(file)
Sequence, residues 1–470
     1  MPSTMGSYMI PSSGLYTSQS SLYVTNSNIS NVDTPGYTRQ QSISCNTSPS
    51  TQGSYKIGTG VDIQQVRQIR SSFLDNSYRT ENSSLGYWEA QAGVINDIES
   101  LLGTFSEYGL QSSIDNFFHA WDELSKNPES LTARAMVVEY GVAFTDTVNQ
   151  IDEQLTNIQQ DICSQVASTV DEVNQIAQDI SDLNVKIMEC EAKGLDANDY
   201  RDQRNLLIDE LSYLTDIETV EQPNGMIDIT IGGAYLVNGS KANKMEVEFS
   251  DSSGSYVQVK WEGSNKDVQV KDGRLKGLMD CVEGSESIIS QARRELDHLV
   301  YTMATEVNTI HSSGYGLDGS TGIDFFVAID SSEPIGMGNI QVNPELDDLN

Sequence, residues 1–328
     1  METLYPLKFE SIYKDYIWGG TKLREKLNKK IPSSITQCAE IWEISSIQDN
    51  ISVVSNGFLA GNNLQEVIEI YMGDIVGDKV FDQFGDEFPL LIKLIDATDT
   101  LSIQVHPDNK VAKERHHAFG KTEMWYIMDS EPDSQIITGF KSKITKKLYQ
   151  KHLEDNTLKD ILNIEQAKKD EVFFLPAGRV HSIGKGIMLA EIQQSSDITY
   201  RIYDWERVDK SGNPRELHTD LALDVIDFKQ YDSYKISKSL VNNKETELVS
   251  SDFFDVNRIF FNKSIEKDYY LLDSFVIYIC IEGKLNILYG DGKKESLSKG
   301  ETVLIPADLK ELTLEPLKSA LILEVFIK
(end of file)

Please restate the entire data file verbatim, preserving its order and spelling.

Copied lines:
Sequence, residues 1–470
     1  MPSTMGSYMI PSSGLYTSQS SLYVTNSNIS NVDTPGYTRQ QSISCNTSPS
    51  TQGSYKIGTG VDIQQVRQIR SSFLDNSYRT ENSSLGYWEA QAGVINDIES
   101  LLGTFSEYGL QSSIDNFFHA WDELSKNPES LTARAMVVEY GVAFTDTVNQ
   151  IDEQLTNIQQ DICSQVASTV DEVNQIAQDI SDLNVKIMEC EAKGLDANDY
   201  RDQRNLLIDE LSYLTDIETV EQPNGMIDIT IGGAYLVNGS KANKMEVEFS
   251  DSSGSYVQVK WEGSNKDVQV KDGRLKGLMD CVEGSESIIS QARRELDHLV
   301  YTMATEVNTI HSSGYGLDGS TGIDFFVAID SSEPIGMGNI QVNPELDDLN

Sequence, residues 1–328
     1  METLYPLKFE SIYKDYIWGG TKLREKLNKK IPSSITQCAE IWEISSIQDN
    51  ISVVSNGFLA GNNLQEVIEI YMGDIVGDKV FDQFGDEFPL LIKLIDATDT
   101  LSIQVHPDNK VAKERHHAFG KTEMWYIMDS EPDSQIITGF KSKITKKLYQ
   151  KHLEDNTLKD ILNIEQAKKD EVFFLPAGRV HSIGKGIMLA EIQQSSDITY
   201  RIYDWERVDK SGNPRELHTD LALDVIDFKQ YDSYKISKSL VNNKETELVS
   251  SDFFDVNRIF FNKSIEKDYY LLDSFVIYIC IEGKLNILYG DGKKESLSKG
   301  ETVLIPADLK ELTLEPLKSA LILEVFIK